Endangered black swifts nesting along popular Banff trail at highest levels in 17 years
The endangered black swift has returned to Johnston Canyon in numbers not seen since 2004.
A total of five nests were documented at the popular landmark this year, one of just two places in Banff National Park where the very particular bird is known to lay its single egg.
"There may still be other sites out there, so far in the last two seasons of putting in an enormous amount of effort to reach some of these very remote sites, we haven't uncovered any others," said Jennifer Reimer, a Parks Canada biologist and the black swift project lead for Banff.
"In Johnston canyon in particular, we had up to 12 nests until about the early 80s and then that dropped off quite steeply after that, and that was simultaneous with a lot of other aerial insectivores that were declining as well."
The endangered birds only nest in canyons near waterfalls. They choose nest sites with shady, sheltered pockets and plenty of moss. They are in the mountain parks between roughly late May and early October, although this year's nesting birds left around Sept. 18.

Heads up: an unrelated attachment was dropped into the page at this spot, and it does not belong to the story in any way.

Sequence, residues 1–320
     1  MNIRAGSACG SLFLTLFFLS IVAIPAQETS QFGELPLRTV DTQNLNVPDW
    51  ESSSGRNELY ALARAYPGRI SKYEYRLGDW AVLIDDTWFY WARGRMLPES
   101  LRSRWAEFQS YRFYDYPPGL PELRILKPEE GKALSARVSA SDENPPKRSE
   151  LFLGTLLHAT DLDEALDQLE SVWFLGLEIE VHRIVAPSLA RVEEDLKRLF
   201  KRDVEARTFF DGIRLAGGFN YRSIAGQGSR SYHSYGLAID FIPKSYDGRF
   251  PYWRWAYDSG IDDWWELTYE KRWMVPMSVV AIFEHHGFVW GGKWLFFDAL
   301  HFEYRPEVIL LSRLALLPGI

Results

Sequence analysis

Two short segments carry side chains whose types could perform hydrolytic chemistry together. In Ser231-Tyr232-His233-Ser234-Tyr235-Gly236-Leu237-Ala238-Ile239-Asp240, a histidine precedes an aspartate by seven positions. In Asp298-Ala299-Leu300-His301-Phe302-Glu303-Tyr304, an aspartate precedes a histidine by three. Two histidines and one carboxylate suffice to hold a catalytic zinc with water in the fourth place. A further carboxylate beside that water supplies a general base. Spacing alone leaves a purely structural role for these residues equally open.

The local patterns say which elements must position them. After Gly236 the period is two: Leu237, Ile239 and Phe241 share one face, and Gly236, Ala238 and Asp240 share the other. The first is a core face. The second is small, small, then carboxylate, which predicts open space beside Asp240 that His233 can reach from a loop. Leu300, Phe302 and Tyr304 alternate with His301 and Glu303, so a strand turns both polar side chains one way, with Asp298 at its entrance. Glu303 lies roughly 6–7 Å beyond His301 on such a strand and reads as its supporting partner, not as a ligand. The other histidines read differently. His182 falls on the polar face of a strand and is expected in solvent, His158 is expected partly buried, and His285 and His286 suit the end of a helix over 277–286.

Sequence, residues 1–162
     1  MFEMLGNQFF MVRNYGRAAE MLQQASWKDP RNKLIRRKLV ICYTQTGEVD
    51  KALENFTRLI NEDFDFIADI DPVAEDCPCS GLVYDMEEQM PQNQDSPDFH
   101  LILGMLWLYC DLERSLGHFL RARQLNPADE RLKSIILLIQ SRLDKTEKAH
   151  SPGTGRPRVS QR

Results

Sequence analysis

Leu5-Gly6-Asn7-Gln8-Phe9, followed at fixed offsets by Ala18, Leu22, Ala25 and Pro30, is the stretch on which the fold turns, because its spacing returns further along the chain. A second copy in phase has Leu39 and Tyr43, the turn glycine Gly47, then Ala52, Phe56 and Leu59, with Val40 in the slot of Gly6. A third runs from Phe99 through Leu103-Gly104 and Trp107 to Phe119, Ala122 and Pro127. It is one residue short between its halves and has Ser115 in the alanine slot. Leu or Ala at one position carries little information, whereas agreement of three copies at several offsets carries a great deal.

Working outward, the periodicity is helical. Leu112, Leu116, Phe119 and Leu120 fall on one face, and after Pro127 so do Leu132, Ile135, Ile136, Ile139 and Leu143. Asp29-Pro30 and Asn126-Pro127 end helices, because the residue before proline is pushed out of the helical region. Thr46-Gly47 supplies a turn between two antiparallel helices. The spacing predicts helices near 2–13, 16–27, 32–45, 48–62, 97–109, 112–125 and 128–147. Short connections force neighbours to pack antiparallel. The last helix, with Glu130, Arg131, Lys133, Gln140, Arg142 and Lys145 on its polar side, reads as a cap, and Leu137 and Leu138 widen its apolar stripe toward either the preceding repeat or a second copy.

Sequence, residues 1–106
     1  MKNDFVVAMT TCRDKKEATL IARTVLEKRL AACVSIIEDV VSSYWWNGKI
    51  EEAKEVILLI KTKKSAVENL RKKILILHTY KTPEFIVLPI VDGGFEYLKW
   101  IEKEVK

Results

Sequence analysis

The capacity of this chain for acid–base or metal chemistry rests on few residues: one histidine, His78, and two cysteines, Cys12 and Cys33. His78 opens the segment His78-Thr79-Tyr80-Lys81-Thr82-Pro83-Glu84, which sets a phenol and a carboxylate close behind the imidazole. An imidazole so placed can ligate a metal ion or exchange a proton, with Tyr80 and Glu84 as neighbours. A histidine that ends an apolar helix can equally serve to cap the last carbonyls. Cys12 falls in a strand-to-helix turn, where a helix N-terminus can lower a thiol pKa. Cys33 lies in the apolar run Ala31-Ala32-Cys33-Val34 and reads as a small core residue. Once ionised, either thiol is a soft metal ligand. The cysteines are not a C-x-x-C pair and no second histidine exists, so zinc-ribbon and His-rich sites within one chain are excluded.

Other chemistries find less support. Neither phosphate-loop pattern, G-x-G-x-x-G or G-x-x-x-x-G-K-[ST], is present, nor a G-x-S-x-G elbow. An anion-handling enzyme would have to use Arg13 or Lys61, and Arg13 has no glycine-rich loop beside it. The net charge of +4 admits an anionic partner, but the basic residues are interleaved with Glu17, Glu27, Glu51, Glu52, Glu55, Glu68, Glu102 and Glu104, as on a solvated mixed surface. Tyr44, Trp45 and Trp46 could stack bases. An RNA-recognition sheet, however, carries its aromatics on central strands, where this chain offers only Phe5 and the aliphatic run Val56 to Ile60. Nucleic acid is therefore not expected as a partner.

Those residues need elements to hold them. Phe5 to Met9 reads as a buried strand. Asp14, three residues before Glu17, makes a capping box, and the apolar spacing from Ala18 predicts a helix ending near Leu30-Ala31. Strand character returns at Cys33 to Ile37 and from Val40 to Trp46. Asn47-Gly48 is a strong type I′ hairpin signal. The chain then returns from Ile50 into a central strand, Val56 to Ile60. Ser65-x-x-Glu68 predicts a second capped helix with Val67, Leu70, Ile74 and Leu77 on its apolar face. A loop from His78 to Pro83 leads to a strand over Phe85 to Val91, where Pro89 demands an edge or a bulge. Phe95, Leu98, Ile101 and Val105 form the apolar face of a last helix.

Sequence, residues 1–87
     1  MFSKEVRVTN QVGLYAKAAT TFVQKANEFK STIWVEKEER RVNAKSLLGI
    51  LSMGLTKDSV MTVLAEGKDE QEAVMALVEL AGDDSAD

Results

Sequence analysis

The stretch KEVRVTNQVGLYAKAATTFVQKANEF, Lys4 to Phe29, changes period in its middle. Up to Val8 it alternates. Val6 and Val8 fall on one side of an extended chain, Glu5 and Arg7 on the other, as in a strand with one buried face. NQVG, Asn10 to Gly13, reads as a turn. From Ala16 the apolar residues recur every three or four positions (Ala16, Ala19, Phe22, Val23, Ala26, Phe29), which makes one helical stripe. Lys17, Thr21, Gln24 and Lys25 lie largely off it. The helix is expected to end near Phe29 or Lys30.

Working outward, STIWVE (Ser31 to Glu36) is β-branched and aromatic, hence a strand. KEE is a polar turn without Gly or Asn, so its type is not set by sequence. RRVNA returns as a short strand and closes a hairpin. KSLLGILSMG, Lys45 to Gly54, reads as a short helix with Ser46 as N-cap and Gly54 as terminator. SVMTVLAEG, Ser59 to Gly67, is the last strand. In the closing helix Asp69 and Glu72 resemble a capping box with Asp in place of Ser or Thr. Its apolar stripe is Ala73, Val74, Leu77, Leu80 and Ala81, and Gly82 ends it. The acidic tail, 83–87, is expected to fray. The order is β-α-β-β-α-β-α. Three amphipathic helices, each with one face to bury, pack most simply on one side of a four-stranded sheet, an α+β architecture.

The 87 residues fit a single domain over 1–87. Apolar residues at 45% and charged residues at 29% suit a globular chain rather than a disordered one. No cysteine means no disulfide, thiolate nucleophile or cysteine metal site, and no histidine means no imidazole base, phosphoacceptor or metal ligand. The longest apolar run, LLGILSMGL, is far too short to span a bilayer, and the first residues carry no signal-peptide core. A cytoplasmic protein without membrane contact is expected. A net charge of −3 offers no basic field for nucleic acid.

Because the relatively small adult birds can spend days at a time high in the air catching insects, surprisingly little is known about them. But researchers say populations have fallen roughly in half since the early 1970s.
They attribute the decline to a drop in insect populations, which may be tied to airborne pollutants and pesticide use.
The young birds face a daunting first flight -- within a week of growing flight feathers they leave for Brazil where they spend the winter.
Johnston Canyon has strict regulations in place to keep people on the established trail system throughout the nesting season. Maximum fines reach $25,000. In 2019 dozens of tickets were given out to violators.